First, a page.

Transmission of FHV

FHV-1 is shed through the discharge from an infected cat's eyes, nose, and mouth. Contact with these secretions is a potential mode of transmission. The most common mode of transmission appears to be contact with contaminated objects that an infected cat has touched or sneezed on including cages, food and water bowls, litter trays, pet owner's clothing, and the pet owner's hands.

FHV-1 can be transmitted by direct contact with an infected cat's mouth, nose, or eye discharge. Several days of close contact are necessary for infection to occur.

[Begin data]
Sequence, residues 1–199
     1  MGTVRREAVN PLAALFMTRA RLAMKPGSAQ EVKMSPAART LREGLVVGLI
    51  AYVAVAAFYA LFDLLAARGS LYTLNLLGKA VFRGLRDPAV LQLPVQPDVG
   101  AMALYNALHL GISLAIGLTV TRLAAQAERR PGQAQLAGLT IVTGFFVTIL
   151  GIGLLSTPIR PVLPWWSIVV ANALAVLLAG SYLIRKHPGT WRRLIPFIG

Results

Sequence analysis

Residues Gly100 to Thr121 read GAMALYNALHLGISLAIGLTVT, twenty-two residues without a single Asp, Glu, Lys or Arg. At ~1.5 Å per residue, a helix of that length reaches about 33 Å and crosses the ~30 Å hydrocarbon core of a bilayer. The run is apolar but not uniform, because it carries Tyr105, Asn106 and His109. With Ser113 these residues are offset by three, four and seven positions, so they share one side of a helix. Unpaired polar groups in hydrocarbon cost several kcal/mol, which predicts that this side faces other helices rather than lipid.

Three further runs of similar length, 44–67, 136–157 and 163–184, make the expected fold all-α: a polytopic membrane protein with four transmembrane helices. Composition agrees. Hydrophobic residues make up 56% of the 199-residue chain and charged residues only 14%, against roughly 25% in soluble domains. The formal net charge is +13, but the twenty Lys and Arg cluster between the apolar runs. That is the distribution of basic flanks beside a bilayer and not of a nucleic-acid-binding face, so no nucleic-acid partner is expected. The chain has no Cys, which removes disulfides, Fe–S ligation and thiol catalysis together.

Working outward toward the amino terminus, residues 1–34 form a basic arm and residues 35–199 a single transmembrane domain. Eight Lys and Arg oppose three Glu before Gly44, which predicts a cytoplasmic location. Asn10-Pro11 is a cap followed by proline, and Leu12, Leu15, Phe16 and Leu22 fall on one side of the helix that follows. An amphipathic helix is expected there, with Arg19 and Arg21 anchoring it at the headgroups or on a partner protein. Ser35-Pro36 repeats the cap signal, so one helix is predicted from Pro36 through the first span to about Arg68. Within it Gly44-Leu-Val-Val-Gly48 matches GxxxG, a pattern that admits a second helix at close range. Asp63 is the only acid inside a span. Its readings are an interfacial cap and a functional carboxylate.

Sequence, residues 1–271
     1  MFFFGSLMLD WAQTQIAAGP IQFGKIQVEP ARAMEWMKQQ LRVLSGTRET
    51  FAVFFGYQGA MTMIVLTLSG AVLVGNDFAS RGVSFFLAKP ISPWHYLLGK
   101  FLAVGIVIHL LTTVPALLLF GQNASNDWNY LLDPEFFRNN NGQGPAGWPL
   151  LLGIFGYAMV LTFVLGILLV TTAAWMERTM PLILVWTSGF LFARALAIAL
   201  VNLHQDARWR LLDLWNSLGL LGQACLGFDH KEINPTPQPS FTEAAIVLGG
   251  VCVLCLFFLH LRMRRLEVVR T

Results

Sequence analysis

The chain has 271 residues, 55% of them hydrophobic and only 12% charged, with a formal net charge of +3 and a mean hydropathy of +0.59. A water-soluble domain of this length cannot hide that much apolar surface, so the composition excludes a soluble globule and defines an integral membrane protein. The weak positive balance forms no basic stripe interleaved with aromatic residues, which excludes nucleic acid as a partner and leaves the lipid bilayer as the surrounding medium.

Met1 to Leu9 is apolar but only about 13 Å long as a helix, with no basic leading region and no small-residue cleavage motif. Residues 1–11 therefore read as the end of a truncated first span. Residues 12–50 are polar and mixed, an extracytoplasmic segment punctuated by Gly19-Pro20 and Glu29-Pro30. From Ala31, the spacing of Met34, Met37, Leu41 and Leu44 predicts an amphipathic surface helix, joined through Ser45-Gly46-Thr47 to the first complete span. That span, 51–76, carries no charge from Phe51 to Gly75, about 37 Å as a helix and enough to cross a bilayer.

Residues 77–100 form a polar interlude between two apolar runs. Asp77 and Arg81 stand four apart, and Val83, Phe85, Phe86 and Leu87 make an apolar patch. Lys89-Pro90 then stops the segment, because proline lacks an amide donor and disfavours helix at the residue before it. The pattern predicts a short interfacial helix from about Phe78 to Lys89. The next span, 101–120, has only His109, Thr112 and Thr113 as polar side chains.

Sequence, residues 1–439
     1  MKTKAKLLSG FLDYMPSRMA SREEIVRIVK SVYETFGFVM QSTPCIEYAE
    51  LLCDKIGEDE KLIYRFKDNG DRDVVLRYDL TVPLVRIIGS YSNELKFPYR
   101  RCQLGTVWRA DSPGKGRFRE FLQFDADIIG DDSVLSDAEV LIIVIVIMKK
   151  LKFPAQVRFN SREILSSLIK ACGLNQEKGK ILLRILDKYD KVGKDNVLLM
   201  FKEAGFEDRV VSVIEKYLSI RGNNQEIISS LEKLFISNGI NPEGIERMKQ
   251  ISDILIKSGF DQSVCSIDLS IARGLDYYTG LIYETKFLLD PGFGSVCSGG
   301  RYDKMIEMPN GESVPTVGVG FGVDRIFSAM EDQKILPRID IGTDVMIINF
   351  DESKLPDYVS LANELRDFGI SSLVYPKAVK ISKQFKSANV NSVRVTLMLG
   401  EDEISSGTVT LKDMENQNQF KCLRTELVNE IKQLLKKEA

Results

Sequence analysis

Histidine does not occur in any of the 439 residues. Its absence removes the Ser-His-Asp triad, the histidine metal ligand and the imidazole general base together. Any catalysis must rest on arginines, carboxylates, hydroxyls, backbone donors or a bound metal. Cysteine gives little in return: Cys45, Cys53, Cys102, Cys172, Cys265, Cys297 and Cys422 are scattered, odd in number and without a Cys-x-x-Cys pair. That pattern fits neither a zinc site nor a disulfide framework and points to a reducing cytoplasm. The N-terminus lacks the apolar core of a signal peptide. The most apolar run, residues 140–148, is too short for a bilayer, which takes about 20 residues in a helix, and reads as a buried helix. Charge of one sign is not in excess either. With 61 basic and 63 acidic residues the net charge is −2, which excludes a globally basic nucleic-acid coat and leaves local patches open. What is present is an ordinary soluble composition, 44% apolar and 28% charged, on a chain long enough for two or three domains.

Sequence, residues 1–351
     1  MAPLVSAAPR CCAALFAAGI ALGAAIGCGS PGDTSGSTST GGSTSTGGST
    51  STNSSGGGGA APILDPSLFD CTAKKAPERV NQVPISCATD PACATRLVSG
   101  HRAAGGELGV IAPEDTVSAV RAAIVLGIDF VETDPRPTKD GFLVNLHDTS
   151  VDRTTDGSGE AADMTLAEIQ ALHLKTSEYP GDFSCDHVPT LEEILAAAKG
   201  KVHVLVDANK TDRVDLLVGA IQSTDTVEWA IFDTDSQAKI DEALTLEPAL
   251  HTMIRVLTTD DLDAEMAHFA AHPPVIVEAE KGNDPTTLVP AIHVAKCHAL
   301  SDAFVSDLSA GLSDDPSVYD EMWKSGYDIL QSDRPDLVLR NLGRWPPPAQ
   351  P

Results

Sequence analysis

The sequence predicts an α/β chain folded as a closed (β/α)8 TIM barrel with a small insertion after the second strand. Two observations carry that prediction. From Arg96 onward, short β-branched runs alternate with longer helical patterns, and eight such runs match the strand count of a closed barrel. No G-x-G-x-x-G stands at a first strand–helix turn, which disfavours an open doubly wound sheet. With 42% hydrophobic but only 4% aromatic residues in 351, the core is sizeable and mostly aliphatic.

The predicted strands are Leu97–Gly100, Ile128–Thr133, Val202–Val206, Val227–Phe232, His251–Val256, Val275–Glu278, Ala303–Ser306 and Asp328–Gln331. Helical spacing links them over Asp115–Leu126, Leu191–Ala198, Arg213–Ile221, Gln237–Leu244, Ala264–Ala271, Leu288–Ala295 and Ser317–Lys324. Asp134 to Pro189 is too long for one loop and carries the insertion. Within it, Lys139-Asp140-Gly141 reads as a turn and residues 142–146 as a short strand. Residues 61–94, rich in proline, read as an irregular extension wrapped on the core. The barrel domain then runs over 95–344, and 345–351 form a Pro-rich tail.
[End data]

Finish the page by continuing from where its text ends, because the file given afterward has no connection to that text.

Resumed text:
Sneezing and coughing can spread the virus as far as 4 feet.

Many cats that are infected with FHV-1 never completely get rid of the virus. These cats are known as latent carriers. Even though they may not show symptoms, they harbor the virus in their nerve cells. Latent carriers spread the infection and are a major source of new infections.

Publication Review By: the Editorial Staff at Healthcommunities.com

Published: 01 Mar 2001

Last Modified: 16 Dec 2014